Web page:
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Headaches for Sprint's wireless Net service

Frustrated residents in a pocket of Silicon Valley are experiencing a powerful sign that high-speed wireless Internet service could have trouble going mainstream: It isn't working very well.

Frustrated residents in a pocket of Silicon Valley are experiencing a powerful sign that high-speed wireless Internet service could have trouble going mainstream: It isn't working very well.

Customer complaints about Sprint's new broadband wireless Internet service, which is making a strong showing in the San Francisco Bay Area and a few other cities, is a sign that wireless broadband is stumbling over similar hurdles as its high-speed predecessors. The technology is thought to be an alternative to digital subscriber line (DSL) and cable service.

"The first feedback (Sprint) got was pretty positive, although now they're beginning to hear some horror stories," said Chris Whitely, a broadband analyst for Insight Research. "But it's certainly not as bad as the DSL stories over the last year."

The ability to navigate these initial speed bumps is a critical test for Sprint and will represent a critical moment for the broader high-speed Internet market. The wireless service is one of the strongest alternatives to the cable and local phone giants, which are increasingly cornering the consumer broadband market.

Analysts say the service's move toward mainstream consumers is well-timed, as other high-speed Net providers like NorthPoint Communications collapse in an ignominious blaze of publicity. As long as the company can work out the issues emerging in areas like San Jose, Calif., it should be well-positioned, they say.

Last best hope
For several years, Sprint has looked at the "fixed wireless" business as a way to compete head-to-head with AT&T and the big local phone companies by offering high-speed Net services over its own wireless network.

Like WorldCom, Sprint spent tens of millions of dollars buying what were then viewed as regional "wireless cable" companies, which largely offered one-way video services through a wireless connection. These companies and the wireless spectrum they owned came cheap, as their services had not been overwhelmingly successful in the market.

During the period of their proposed merger, Sprint and WorldCom painted a picture of a national network of these wireless services, which would reach far more territory than do AT&T's cable lines. With the collapse of that deal, each controls only about half the United States.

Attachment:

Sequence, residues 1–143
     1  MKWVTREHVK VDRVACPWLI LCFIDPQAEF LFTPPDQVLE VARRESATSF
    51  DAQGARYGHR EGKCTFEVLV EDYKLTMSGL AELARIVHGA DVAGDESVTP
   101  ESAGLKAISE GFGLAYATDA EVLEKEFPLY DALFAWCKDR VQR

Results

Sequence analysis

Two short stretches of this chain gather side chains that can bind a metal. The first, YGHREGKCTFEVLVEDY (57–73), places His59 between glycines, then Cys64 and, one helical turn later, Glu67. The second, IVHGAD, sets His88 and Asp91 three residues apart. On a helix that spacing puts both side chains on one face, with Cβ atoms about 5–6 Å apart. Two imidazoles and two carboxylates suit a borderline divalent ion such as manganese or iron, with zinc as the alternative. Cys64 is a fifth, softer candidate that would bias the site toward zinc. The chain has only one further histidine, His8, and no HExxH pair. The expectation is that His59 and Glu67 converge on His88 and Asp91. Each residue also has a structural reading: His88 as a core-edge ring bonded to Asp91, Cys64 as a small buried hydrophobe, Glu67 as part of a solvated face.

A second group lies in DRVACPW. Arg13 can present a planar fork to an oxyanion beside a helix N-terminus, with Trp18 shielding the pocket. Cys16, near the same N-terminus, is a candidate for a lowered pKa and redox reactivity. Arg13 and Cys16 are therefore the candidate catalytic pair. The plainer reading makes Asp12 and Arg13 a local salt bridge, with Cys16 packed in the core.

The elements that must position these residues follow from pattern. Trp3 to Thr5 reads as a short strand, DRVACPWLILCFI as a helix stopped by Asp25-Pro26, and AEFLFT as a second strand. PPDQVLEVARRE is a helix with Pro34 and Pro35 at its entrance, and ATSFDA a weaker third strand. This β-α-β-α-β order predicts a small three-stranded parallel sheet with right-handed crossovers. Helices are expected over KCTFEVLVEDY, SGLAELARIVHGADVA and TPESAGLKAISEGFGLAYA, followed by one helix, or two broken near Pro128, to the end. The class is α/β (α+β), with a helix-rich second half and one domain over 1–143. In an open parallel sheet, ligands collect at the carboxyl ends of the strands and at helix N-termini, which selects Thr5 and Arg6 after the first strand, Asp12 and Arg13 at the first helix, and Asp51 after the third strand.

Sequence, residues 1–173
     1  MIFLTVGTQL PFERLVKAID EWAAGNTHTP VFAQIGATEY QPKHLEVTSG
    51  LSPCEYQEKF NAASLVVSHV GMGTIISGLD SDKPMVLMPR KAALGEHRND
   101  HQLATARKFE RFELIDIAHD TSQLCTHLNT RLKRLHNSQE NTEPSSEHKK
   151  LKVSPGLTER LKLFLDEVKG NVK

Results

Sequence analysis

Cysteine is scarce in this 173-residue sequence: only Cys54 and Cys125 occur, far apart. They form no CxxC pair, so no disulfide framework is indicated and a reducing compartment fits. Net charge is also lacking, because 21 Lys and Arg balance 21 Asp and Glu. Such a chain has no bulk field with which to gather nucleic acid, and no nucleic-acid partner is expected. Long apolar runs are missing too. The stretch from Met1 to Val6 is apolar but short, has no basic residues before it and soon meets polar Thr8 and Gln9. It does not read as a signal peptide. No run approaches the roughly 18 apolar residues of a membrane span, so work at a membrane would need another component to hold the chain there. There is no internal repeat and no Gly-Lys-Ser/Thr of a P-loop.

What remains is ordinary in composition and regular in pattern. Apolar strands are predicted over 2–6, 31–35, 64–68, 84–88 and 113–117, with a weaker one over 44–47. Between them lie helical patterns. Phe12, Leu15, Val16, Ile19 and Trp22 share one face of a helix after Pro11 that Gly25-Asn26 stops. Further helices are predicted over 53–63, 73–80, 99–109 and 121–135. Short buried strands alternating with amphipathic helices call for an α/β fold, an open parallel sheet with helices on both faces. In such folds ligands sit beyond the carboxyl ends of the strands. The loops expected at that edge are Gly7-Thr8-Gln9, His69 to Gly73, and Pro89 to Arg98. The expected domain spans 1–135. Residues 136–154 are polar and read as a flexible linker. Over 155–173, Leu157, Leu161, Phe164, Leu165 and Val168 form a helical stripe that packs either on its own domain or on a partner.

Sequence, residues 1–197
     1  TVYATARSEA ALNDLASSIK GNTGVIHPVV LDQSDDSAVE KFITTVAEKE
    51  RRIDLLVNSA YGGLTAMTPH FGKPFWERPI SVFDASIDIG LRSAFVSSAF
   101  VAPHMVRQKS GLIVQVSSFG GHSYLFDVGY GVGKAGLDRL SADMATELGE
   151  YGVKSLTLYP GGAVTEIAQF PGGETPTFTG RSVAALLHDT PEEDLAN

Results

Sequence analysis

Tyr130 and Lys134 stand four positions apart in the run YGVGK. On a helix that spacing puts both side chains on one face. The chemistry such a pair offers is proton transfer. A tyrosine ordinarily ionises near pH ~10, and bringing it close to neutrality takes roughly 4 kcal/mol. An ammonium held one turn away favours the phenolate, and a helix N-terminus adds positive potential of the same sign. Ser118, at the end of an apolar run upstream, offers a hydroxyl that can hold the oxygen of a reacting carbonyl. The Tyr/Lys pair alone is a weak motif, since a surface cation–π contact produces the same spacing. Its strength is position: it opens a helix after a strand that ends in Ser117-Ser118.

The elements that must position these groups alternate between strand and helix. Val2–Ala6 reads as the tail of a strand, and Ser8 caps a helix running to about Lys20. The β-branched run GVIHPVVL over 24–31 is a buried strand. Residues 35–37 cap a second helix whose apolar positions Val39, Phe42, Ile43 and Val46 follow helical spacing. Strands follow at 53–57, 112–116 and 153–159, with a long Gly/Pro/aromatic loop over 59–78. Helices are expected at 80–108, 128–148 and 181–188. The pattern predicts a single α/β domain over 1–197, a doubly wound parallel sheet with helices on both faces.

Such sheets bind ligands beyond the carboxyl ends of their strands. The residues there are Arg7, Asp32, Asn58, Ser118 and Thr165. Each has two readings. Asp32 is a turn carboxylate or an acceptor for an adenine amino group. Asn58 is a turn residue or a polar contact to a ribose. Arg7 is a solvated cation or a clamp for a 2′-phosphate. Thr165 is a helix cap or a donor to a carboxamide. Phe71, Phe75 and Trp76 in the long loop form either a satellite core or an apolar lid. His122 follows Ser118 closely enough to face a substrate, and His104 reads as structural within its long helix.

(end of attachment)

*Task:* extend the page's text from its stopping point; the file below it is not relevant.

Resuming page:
WorldCom is focusing more on the business market, but for the last three months Sprint has been making a concerted marketing campaign to reach ordinary consumers in the 14 cities where it offers service.

The service has considerable advantages. Setup is relatively quick, without the weeks of waiting for a line to be approved by the phone company that faces DSL customers, although a technician still needs to come to bolt a satellite dish-style receiver to the house. People in areas that have no access to DSL or cable service--such as residents of San Francisco's Treasure Island--have turned to Sprint as a welcome last resort.

The wireless technology still has fundamental limitations, however. Although new generations are under development, wireless transmissions of this type have problems in areas of thick foliage, or where buildings or hills prevent a clear line of sight between a home and a transmission tower.

As a result, analysts forecast the technology will be a small part of the high-speed Net market for the next few years.

In the real world
San Jose is one of the areas where residents have signed up most quickly. As a result, it has served as one of the earliest tests of the technology's limits.

Like cable modem technology, wireless service quality can decline as more people in a neighborhood get online. This is the problem that has faced some San Jose residents--particularly those in the region Sprint knows as "Sector 191," but which subscribers have taken to calling "Area 51," after a "secret" Nevada U.S. military installation that conspiracy theorists have long associated with UFO sightings and other unexplained phenomena.

"The service has been very oversold, and it continues to have sporadic performance that falls below my expectations," Will Estes, a San Jose subscriber, wrote in an e-mail interview. "The problem is just that Sprint has too little bandwidth shared by too many people for the technology they selected."

The complaints are similar to those in Fremont, Calif., and other places served by Excite@Home or Road Runner's cable modem service. Early customers saw blazingly fast speeds, as they shared the download "pipes" with only a few people. But as more people came on the system, speeds trailed off.

Sprint says it's aware of the problem in a few areas, and it is already working to fix it. It is installing new equipment in San Jose that will shrink the area served by a given transmitter and receiver. This will then theoretically reduce the number of people competing for bandwidth. That should restore the fast downloads soon, the company says.

"There are some pockets that are very busy right now," said Rene Wukich, general manager of Sprint Broadband's Silicon Valley division. "None of us are perfect...But there is a proven technical upgrade. We take this very seriously."